TEC154 2010S The Evolution of Technology

Front Door

Welcome to the Spring 2010 session of Grinnell College's TEC 154, The Evolution of Technology, which is described briefly in the official blurb and the unofficial goals distributed by faculty who previously taught this course.

My own take on the class is that we will consider the nature and effect of technology from several perspectives. Rather than simply considering a history of technology, we will instead reflect on a small number of technologies, their design, their context, and their impact. To help us reflect, we will rely on a number of guest lecturers from across campus.

In an attempt to provide up-to-date information, and to spare a few trees, I am making this as much of a paperless course as I can. Hence, materials will be in a course web, available at http://www.cs.grinnell.edu/~rebelsky/Courses/TEC154/2010S/.


Meets: MWF 8:00-8:50, Science 3821 (I drop my children at school right before class, so some classes may start a few minutes late.)

Instructor: Samuel A. Rebelsky (rebelsky@grinnell.edu), Science 3824. Office hours: MTuWF 11:00-11:50. Others may be added. I also tend to follow an open door policy: Feel free to stop by when my door is open or to make an appointment for another time. Check my schedule for more details.


This grading system is tentative, and may change.

My experience shows that students who turn in work late learn significantly less than students who turn material in on time. (I'm not sure about cause and effect.) Hence, I strongly discourage late assignments. Unless prior arrangements have been made, assignments are due within five minutes of the start of class. After that they are considered late. Late assignments are penalized one letter grade per day late (or fraction thereof).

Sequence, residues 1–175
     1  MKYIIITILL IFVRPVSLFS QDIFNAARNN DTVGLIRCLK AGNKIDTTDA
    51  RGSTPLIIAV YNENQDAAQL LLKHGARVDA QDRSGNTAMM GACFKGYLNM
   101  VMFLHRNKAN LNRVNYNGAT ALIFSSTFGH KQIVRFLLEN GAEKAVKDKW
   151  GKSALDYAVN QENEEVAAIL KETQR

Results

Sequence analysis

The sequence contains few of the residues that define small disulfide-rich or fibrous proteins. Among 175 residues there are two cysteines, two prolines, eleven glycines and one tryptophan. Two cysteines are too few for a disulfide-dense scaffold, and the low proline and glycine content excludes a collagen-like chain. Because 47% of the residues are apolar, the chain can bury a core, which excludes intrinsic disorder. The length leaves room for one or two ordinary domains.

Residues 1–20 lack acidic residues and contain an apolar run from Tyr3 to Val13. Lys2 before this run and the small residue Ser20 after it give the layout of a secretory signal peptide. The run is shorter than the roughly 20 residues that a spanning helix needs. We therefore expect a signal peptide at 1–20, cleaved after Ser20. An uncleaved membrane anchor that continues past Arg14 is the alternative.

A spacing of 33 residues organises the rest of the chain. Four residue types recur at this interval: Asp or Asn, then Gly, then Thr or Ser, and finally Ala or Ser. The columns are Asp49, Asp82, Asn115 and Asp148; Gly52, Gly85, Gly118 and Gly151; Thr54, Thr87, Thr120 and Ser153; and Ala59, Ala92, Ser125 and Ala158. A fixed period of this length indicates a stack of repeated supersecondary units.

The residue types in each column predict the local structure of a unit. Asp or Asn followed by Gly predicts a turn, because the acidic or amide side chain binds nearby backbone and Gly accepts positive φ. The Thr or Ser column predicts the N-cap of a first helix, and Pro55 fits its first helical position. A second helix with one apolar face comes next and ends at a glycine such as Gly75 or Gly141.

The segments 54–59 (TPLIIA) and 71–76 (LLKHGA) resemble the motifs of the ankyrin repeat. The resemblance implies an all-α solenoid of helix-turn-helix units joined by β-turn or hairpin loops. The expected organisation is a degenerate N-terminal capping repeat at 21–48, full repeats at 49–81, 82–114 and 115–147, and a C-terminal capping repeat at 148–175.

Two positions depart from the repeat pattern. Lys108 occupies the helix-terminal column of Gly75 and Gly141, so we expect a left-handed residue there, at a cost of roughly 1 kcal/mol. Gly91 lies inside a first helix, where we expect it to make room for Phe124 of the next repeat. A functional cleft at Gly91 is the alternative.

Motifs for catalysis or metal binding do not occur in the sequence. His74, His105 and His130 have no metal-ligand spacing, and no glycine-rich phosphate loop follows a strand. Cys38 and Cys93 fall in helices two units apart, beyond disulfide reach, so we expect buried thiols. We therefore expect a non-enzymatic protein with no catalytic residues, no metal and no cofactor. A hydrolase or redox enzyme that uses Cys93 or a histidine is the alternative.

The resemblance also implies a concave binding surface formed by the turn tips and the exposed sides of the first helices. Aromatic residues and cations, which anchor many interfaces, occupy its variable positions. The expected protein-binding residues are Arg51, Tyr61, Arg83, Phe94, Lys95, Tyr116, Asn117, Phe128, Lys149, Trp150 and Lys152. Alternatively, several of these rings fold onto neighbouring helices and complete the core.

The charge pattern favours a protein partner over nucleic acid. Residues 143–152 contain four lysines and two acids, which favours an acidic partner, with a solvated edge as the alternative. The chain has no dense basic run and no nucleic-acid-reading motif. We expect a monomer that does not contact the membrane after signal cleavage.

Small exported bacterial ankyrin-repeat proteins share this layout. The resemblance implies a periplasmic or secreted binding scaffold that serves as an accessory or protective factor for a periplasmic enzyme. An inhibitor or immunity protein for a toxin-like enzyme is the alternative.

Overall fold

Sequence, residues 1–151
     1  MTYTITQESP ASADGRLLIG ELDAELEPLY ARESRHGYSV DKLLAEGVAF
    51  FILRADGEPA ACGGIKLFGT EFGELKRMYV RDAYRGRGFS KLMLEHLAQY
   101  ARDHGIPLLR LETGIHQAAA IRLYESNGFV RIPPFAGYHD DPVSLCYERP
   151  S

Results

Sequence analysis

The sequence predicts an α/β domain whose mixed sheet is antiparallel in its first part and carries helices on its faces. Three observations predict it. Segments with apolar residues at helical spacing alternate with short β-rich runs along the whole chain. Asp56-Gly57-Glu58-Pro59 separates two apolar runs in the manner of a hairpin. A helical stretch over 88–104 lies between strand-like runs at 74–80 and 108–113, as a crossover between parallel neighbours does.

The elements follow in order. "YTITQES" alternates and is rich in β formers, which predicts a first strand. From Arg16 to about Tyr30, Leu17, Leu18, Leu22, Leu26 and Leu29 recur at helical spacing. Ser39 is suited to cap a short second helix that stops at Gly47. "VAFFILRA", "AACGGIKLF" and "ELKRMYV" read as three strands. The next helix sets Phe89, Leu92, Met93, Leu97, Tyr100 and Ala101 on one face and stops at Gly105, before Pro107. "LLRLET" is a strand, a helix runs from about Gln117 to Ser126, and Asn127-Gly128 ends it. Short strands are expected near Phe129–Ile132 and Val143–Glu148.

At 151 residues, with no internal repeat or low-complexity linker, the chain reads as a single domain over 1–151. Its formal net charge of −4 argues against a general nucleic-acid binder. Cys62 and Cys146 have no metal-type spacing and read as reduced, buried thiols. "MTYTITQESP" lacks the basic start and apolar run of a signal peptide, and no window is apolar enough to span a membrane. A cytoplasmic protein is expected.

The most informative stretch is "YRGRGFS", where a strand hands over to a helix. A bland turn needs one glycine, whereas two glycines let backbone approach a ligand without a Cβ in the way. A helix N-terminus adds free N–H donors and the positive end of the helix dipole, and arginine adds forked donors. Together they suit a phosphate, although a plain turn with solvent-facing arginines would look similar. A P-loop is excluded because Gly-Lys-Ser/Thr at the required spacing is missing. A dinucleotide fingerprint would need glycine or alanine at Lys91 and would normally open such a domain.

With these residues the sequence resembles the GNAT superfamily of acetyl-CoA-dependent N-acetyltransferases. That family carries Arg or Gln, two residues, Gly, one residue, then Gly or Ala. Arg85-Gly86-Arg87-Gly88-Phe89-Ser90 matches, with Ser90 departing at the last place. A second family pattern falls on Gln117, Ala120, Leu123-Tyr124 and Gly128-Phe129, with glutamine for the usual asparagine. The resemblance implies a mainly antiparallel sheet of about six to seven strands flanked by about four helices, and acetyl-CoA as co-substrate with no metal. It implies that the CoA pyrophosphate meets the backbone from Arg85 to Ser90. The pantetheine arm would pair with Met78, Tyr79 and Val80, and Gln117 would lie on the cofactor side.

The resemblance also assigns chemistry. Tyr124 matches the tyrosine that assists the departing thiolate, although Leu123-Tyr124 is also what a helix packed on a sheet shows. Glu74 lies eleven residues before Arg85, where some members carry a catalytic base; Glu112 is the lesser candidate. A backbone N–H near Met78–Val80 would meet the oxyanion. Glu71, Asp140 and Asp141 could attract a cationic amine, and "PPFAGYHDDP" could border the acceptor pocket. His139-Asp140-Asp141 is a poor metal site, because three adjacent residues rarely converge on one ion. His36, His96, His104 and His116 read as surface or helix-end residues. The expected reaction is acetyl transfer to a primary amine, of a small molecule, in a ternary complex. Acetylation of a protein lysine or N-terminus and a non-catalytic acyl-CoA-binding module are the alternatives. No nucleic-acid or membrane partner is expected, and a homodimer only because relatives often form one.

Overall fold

Extra Credit: I will often offer 1/2 point of extra credit for attending a particular talk (e.g., a computer science talk or College convocation) or for supporting your classmates in their public endeavors (e.g., attending a concert or a dance recital). Each category is capped at 1.5 points. You will report on this extra credit at the end of the semester, using a prepared checklist.

Books and Other Readings

Norman, Donald A. (2002). The Design of Everyday Things. Basic Books.
A classic reflection on the way in which things are designed and how those designs affect the way in which we use the things.
Petroski, Henry (1992). To Engineer is Human: The Role of Failure in Successful Design. Vintage.
An engineer's reflections on technology.
Rebelsky, Samuel (2010). The TEC154 2010S Course Web.
The hypertext that you are currently reading.
Teich, Albert H., Ed. (2009). Technology and the Future, 11th ed. Wadsworth.
A broad range of articles on technology.

We will also rely on a number of articles for each technology.

Disclaimer: I usually create these pages on the fly, which means that I rarely proofread them and they may contain bad grammar and incorrect details. It also means that I tend to update them regularly (see the history for more details). Feel free to contact me with any suggestions for changes.

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Samuel A. Rebelsky, rebelsky@grinnell.edu

Copyright © 2010 Samuel A. Rebelsky. This work is licensed under a Creative Commons Attribution-NonCommercial 3.0 License. To view a copy of this license, visit http://creativecommons.org/licenses/by-nc/3.0/ or send a letter to Creative Commons, 543 Howard Street, 5th Floor, San Francisco, California, 94105, USA.